Timing is everything: an aging population means that diseases highly correlated with aging like cancer, diabetes, heart disease, and strokes are going up, up, up. People are smoking less, getting taller and healthier, and also dieting much more regularly: all states of being that, in addition to aging, result in increased average weight. Fudge with an old statistical tool for insurance tables called the BMI and suddenly you’ve got a health panic on your hands.

Healthism emerged, partially as a response to an aging population afraid of death and convinced that if they ate the right things and did the right amount of exercise they could extend their lifespans to Auroran lengths (see: Asimov), partially as an outgrowth of modern Puritanism, partially because of the fat health panic outlined above, partially as a vehicle of elitism and classism and ableism, and for many other reasons not useful to go into here.

Dear fat people: you don’t deserve to be discriminated against. You were in the wrong place at the wrong time. You don’t have to justify your existence. You don’t have to buy into the myth of health, an arbitrary measure whose definition has not only changed throughout history but means different things to different individuals, to different practitioners of health, even.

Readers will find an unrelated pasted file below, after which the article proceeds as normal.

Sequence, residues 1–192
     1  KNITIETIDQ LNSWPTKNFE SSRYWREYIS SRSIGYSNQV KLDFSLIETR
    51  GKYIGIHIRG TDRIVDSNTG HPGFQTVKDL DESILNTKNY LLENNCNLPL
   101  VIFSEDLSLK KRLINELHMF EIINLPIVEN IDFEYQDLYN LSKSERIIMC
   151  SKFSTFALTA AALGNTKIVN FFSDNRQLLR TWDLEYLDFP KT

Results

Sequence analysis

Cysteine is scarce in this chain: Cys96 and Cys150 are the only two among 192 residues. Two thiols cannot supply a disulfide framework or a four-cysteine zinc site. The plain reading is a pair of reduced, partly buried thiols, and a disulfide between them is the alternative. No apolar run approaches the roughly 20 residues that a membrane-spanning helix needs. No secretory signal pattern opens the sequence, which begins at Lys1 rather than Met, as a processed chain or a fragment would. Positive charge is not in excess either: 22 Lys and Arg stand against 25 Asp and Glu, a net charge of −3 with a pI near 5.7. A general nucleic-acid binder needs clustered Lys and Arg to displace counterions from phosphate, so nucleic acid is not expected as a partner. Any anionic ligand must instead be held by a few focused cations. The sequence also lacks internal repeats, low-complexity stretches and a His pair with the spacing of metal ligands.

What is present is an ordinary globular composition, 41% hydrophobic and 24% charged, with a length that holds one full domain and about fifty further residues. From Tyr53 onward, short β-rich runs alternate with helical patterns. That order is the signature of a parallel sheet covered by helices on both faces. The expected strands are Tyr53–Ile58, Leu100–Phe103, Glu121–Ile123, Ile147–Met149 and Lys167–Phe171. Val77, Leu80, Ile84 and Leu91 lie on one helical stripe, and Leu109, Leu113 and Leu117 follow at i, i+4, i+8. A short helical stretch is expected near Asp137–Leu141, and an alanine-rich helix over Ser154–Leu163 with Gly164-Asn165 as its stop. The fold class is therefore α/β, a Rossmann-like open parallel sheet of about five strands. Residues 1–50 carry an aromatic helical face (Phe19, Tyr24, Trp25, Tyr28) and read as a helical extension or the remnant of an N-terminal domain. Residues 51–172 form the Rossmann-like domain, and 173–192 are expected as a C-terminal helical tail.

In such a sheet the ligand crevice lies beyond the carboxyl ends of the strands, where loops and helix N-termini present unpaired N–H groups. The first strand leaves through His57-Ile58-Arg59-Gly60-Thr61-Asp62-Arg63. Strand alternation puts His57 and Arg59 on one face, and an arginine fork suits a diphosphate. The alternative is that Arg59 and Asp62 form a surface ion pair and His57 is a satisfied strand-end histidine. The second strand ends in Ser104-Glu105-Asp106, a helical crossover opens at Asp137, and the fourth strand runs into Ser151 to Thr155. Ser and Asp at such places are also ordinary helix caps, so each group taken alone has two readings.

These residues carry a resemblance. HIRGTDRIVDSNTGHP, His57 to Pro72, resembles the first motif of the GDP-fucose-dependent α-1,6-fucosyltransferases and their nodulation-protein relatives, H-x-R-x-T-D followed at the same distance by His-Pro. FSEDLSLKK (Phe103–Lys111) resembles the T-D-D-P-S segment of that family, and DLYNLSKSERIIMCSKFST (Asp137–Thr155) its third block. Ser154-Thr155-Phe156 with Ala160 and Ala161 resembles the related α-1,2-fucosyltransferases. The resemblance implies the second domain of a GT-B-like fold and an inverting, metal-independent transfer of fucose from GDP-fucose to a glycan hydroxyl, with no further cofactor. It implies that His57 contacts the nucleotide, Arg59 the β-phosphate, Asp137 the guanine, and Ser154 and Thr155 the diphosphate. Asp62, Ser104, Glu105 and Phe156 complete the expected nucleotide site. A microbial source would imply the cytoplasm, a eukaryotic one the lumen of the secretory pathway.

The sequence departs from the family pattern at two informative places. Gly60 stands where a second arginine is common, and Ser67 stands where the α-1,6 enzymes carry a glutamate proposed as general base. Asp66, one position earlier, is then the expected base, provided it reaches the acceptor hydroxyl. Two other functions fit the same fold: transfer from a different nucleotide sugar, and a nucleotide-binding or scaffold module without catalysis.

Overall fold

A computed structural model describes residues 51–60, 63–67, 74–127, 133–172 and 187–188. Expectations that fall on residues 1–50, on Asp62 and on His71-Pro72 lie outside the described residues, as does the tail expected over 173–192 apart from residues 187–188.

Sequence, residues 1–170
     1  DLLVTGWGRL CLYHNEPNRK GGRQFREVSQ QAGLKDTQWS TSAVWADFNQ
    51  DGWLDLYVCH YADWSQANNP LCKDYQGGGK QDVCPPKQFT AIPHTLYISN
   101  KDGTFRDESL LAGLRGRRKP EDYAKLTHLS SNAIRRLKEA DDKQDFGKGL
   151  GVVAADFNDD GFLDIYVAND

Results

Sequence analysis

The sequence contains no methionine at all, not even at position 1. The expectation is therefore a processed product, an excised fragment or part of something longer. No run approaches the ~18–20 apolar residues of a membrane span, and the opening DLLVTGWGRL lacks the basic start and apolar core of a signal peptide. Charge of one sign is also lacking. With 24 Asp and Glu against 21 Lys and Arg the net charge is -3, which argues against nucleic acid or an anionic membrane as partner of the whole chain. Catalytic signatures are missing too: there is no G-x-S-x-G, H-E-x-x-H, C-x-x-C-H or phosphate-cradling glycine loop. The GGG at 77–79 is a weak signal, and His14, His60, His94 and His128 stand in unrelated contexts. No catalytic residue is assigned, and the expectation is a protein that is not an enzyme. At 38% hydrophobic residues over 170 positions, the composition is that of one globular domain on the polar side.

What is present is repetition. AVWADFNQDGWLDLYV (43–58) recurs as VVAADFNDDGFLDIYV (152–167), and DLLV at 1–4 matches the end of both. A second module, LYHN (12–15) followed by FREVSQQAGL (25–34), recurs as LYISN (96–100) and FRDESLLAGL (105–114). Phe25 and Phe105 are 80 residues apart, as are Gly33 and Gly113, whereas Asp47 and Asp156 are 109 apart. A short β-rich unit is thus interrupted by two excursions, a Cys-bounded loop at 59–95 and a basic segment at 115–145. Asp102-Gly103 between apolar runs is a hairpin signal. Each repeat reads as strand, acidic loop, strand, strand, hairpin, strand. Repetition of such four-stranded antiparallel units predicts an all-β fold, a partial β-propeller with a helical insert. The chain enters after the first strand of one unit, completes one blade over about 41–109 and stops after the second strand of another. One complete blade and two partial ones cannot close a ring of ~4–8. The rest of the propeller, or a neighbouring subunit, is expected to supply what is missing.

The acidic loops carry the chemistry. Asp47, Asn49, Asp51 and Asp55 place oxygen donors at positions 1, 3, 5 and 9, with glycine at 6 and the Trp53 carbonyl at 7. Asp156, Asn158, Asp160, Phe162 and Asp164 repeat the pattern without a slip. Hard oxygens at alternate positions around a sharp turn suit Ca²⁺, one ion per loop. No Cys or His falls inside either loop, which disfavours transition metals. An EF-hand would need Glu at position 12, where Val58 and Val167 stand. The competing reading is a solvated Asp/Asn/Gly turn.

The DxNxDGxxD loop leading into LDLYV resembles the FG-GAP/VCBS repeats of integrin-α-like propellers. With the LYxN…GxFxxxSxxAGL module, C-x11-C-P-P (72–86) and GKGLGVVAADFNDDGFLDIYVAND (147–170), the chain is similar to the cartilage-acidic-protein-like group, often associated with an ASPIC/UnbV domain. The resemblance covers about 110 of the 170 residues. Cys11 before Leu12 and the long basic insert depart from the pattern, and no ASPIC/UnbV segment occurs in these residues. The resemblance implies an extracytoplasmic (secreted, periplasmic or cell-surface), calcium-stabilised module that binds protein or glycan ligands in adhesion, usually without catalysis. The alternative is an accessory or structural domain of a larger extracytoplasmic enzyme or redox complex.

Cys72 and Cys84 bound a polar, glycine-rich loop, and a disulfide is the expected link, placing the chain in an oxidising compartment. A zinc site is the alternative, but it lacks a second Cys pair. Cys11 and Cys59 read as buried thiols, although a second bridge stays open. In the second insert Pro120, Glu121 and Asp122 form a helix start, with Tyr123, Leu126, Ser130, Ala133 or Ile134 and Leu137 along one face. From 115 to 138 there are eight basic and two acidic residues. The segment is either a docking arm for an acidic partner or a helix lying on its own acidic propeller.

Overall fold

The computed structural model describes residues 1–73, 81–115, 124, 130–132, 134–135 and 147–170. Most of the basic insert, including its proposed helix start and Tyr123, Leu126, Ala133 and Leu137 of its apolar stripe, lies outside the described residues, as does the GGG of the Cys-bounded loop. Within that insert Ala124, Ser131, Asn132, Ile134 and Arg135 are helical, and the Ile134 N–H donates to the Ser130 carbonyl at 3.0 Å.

You don’t have to justify your existence. If you do, you lose. You lose for yourself, and you lose for the rest of us. What is fat discrimination? Believing that fat people don’t have the right to simply be. That, if they exist as fat people, they are “lazy, unfit, immoral, liars, burdens.” The answer is not to argue that you are “active, fit, moral, trustworthy, generous.”

What right does anyone have to require that in order to live unabused they must live up to a standard the abusers don’t expect of themselves? It’s a lose-lose situation. Ceding to fatphobes the right to question your existence also cedes to them that if you as a fat person didn’t perform exercise, or didn’t count calories, or weren’t ‘healthy,’ or were disabled, or just didn’t adhere to the Healthistic model of virtue, that they would be justified in flailing and abusing you.

Dear fat people: you don’t have to justify your existence. You aren’t supervillains: if you don’t fit into the Healthistic box the fatphobes say you must the world won’t stop turning. Children won’t die. The landmass of your country won’t be swallowed by the oceans. You won’t suddenly get all the so-called fat diseases. You won’t bankrupt your government’s economy.

You will be one precious person saying, “No. Healthism is wrong. Health is bullshit. You’re creating a hierarchy of acceptable, codified discrimination with a bullshit arbitrary measure. And I’m not buying it.”

One precious person, going against a seemingly irresistible tide. You won’t be the villain. You’ll be the hero.